Look, I don’t hate frameworks. I’m not as starry-eyed as some other developers, especially when it comes to back-end frameworks, but I don’t think there’s anything wrong with using tools that make you productive. On the contrary, I’m always trying to find tools that make me as productive as possible.
That said, I’m adamant that you should not start with frameworks when you’re learning back-end development. I’m not saying you shouldn’t use them at all, but I am saying that they are a poor tool for learning.
Frameworks automate the boring stuff 🔗
Frameworks are great at automating all that boring stuff like boilerplate code, authentication, and database migrations. Who wants to to invent the wheel over and over again? Not me.
Trouble is, when you’re just starting, those boring details are exactly the things you need to learn. They’re the building blocks of back-end applications, the foundations of what you need to know. And when you use a framework, you’re missing out on all that good stuff.
Like any good developer, I use a library and call
sha256.Hash(text) when I need to hash some data. I don’t try to write my cryptography from scratch! That said, I’ve taken the time to learn and understand why sha256 is a good choice in a given scenario, and what security it provides me. Similarly, when you’re learning back-end development, frameworks are just too high-level to be a good starting point.
Frameworks are easy to learn, that’s the whole point 🔗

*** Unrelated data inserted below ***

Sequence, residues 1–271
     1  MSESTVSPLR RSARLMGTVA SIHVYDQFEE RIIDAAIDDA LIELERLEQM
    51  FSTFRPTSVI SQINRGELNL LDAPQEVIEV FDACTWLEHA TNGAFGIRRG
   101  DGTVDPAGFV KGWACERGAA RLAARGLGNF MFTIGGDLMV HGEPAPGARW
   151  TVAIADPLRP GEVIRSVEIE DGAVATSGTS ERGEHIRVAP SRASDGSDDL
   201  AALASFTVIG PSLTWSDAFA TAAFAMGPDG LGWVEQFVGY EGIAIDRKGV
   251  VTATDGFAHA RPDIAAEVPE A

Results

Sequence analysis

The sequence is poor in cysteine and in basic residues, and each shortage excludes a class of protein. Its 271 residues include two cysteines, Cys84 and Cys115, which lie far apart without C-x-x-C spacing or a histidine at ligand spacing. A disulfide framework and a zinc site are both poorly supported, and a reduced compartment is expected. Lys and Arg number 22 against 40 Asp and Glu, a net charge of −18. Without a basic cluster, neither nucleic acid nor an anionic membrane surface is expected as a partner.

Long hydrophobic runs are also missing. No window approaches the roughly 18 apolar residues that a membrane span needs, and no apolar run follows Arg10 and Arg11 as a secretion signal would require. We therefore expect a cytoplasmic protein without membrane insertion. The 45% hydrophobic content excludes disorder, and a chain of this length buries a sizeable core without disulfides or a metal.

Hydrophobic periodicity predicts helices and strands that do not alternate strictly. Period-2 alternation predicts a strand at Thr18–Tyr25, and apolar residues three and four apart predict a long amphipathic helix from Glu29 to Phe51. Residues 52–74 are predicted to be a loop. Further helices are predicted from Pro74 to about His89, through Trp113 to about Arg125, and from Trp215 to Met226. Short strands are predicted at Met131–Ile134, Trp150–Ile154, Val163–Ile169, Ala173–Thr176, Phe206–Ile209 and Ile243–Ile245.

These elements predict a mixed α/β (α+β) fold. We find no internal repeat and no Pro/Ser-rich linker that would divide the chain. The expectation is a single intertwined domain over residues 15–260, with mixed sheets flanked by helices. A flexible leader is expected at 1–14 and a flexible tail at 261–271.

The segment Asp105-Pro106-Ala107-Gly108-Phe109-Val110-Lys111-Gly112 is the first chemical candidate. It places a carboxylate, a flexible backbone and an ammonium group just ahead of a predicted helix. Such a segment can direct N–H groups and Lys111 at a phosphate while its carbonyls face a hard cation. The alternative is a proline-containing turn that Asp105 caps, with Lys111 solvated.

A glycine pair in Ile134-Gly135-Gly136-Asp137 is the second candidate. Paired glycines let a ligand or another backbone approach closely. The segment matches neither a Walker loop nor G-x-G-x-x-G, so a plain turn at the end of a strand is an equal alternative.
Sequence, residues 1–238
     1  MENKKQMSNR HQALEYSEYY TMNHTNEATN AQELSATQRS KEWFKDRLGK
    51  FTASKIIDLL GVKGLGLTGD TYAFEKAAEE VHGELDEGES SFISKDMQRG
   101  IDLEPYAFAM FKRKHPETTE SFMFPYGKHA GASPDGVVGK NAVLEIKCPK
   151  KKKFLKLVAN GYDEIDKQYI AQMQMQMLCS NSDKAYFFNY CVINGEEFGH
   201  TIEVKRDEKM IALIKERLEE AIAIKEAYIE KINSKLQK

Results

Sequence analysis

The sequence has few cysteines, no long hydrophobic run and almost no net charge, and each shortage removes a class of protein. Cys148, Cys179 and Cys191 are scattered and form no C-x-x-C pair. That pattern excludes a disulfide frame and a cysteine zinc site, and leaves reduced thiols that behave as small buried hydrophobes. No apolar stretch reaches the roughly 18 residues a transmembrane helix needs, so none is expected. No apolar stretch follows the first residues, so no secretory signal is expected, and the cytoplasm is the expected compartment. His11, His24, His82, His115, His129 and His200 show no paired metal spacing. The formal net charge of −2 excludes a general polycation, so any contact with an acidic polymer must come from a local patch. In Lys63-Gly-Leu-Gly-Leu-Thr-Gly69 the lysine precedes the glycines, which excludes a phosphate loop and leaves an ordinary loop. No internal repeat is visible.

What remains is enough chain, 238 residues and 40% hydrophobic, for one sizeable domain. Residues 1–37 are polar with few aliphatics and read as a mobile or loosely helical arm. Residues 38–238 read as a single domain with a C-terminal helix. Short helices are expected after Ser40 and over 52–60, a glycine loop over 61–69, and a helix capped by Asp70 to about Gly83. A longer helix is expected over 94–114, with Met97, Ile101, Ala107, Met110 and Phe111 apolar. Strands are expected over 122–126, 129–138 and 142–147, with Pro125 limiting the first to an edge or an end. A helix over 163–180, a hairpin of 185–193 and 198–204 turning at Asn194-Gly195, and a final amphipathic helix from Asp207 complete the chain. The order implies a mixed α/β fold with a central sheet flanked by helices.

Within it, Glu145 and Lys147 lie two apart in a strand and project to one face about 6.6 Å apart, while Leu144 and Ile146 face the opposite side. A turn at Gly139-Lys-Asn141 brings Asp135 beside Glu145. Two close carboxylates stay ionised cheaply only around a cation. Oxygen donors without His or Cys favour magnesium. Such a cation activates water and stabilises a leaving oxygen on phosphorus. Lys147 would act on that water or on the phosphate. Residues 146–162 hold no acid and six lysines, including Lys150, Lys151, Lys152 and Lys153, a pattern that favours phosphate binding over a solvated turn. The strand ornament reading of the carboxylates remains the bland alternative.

The entire selling point of a framework like Django, Flask, or Rails is that they’re easy to use. They take the repetitive, boring stuff and give you an opinionated way to do it. With just a few CLI commands, you can have a fully-functional web application up and running!
The problem with starting this way is that you’ll have an entire codebase, with mountains of dependencies, and you’ll understand how almost none of it works under the hood. When you encounter issues (and you will) you’ll be spending hours trying to work backward. The problem is very similar to one of my favorite memes: “Hours of debugging can save you minutes of reading the docs!"
In the long run, it will be a lot faster to learn the basics of back-end servers. You can always learn a framework later, it’s really not hard at that point because you will already understand the pieces that are magically taken care of.
I made the mistake of starting with Django 🔗
When I was getting my CS degree, I decided I wanted to build a web app, and up until that point, I hadn’t done much with the web yet. All I had done was write little Python scripts. RESTful servers, HTTP requests, SQL databases – I had no idea what any of that was.
Anyhow, I heard Django was popular, so I decided to use it to build a website. I followed “hello world” style tutorials and in just a few days I had a working website! I understood how to change variables here and there to make the page display what I wanted, but boy howdy I had no idea what was going on under the hood.